Friday, August 24, 2007

He Ain't Heavy (script)

Script for: "He Ain't Heavy"

What I'd like to speak about today is the value of labels. My reason for the title of today's video, "He Ain't Heavy" is that I am reminded of an old tune named, "He Ain't Heavy, He's My Brother" that always gave me reason to look at people beyond their labels.

The way each of us sees another person by their label that they give to themselves can greatly enhance the respect we show for that person.

If, for example, someone can tell you who they are and how their culture often communicates, the label by which they identify themselves can aid in our understanding of that person or allow us the opportunity to say," I don't know a lot about that, but I am willing to learn." When we see beyond that person's label and remember that we are all connected as brothers and sisters and fellow humans ,
we can expand our knowledge of the diversity within each subset of people.

Unfortunately, the way we use labels is often much less respectful. Our judgments are not made with a great deal of patience. It is all too easy to decide whether a person is good or bad or whether we like them or we don't.

Beyond that we are not likely to change our view of a person once we have decided what their labels say about them. This makes it difficult for people to be seen as who they are and can greatly impede their opportunity for growth.

In this case, we may not need to judge the judger, but we can certainly show the error in their judgment.

We must also accept that there are societal power structures that create the need for people who are more likely to be oppressed to show how they are proud of who they are. This is important.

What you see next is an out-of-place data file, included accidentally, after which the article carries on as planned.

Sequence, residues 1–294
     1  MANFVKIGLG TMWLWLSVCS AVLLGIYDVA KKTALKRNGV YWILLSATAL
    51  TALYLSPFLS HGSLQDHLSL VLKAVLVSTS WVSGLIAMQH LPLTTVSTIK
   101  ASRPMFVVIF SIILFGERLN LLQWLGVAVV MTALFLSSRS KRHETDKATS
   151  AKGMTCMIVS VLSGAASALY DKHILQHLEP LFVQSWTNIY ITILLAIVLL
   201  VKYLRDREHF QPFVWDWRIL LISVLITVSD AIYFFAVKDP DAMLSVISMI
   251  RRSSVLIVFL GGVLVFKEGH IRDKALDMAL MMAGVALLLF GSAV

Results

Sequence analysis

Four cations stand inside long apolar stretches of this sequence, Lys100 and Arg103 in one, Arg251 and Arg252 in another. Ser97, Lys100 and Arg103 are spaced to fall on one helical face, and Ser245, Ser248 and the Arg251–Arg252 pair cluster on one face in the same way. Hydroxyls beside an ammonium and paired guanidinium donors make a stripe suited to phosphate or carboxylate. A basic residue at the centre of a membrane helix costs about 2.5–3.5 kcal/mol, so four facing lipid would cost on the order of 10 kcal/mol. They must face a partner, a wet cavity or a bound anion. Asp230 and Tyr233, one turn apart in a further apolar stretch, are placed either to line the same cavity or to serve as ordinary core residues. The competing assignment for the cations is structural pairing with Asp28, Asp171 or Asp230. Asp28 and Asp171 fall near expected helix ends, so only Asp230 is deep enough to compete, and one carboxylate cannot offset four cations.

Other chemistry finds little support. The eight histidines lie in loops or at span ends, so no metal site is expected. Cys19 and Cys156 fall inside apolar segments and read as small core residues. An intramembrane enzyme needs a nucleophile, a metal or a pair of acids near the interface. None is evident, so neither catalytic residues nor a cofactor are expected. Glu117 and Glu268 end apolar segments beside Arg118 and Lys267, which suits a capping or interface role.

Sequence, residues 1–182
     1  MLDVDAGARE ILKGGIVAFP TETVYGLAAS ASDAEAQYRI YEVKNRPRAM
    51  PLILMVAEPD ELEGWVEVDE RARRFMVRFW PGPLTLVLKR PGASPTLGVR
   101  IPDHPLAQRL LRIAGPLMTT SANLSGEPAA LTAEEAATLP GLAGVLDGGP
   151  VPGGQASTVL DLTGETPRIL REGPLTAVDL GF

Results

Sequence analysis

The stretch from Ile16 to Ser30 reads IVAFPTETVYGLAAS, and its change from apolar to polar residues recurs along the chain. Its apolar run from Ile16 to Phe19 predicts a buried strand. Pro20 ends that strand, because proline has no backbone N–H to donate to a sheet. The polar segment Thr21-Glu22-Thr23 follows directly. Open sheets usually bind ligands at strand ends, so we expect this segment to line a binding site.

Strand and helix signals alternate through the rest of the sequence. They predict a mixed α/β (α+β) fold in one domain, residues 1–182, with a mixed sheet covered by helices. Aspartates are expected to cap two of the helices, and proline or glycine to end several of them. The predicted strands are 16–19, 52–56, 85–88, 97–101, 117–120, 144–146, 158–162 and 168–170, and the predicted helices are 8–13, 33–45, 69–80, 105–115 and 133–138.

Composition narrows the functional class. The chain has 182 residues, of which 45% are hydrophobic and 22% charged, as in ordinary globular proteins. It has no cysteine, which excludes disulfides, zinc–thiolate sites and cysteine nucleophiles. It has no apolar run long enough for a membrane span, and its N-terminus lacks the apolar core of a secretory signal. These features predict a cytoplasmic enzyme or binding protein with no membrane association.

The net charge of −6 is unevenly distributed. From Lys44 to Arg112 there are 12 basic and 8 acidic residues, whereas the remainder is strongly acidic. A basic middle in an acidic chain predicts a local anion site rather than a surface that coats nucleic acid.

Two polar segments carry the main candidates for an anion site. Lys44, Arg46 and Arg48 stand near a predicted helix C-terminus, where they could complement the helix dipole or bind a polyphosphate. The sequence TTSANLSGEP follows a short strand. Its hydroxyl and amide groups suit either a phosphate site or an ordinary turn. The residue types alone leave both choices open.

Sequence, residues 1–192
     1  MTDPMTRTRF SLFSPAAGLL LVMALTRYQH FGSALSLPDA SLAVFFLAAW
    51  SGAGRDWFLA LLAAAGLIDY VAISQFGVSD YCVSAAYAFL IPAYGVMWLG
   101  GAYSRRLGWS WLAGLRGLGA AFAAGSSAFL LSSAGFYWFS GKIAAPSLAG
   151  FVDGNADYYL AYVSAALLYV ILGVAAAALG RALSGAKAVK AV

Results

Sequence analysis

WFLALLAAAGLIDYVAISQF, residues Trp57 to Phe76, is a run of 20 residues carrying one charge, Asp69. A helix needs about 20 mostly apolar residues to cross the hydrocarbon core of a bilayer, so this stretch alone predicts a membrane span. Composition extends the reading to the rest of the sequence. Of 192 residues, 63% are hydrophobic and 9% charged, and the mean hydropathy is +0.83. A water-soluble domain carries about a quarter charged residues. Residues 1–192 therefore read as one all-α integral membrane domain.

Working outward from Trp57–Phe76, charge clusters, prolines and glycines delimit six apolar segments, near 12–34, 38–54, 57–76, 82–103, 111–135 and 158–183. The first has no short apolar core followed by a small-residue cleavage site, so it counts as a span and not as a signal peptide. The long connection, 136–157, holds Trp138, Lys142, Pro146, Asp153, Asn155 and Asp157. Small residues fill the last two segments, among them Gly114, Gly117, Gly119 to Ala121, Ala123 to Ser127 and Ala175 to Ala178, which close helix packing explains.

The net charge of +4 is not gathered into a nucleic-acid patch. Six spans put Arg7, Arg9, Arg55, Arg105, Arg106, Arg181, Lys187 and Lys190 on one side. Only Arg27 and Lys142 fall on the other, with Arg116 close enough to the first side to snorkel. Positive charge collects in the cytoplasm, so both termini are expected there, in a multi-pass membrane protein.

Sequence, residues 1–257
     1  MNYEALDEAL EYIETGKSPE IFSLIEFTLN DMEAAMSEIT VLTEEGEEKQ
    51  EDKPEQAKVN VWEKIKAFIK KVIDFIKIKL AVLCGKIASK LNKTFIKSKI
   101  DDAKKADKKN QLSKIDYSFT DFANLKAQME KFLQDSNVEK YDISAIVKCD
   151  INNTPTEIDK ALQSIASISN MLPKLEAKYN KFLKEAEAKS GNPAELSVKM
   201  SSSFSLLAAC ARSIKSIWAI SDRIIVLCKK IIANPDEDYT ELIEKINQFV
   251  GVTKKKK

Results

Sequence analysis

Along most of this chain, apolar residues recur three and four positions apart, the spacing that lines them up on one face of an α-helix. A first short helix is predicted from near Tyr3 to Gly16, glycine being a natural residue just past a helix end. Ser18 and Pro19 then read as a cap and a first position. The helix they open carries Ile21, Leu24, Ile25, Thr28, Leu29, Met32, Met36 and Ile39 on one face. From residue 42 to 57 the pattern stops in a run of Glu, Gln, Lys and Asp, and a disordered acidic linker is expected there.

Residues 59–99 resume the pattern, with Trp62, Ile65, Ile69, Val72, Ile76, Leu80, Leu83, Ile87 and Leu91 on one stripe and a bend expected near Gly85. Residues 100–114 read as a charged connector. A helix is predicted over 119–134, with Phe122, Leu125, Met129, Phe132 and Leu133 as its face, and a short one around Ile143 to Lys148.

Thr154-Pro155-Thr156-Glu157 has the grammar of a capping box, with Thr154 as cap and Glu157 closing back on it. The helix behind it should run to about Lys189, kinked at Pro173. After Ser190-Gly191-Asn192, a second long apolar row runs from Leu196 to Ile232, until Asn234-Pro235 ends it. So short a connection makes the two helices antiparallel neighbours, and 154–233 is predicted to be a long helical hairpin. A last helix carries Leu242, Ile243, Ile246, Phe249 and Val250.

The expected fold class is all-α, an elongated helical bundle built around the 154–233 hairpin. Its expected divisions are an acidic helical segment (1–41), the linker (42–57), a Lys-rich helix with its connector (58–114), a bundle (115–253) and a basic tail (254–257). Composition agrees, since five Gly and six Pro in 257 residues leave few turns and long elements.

Amomgst those who need to struggle for respect and dignity, we need to give that to each other. Otherwise we cancel out the efforts of each other. Creating dignity and respect for one already oppressed group at the expense of another will create the same oppression that caused the problem in the first place.

In the case of autistic people, we must be careful in the ways that we use our
inherent talents or even our accomplishments as a badge of honor that promotes our label. What society calls our level of functioning, cannot escape the subjectiveness
of how each function is seen to be a contribution.

Diversity must play a dominant role in these decisions, otherwise every autistic will be expected to function in a more socially acceptable way rather than what is commonlly and thoughtlessly referred to as a level of functioning. There are too many variables within each autistics experience for such evaluations and the expectations that go with them.

Professionals often speak to and of autistics in a patronizing tone. Autistics have been more likely been seen by what we can't do instead of what we can. The discrimination against our culture has been a great burden to how we are seen and how that effects our self esteem.

This self esteem is essential for us to know that we can contribute. We must remind ourselves, and others that it may very well be the social skills that seem awkward and
even the behaviors that seem difficult for ourselves and/or others to manage that is a part of a package that is not being adequately evaluated.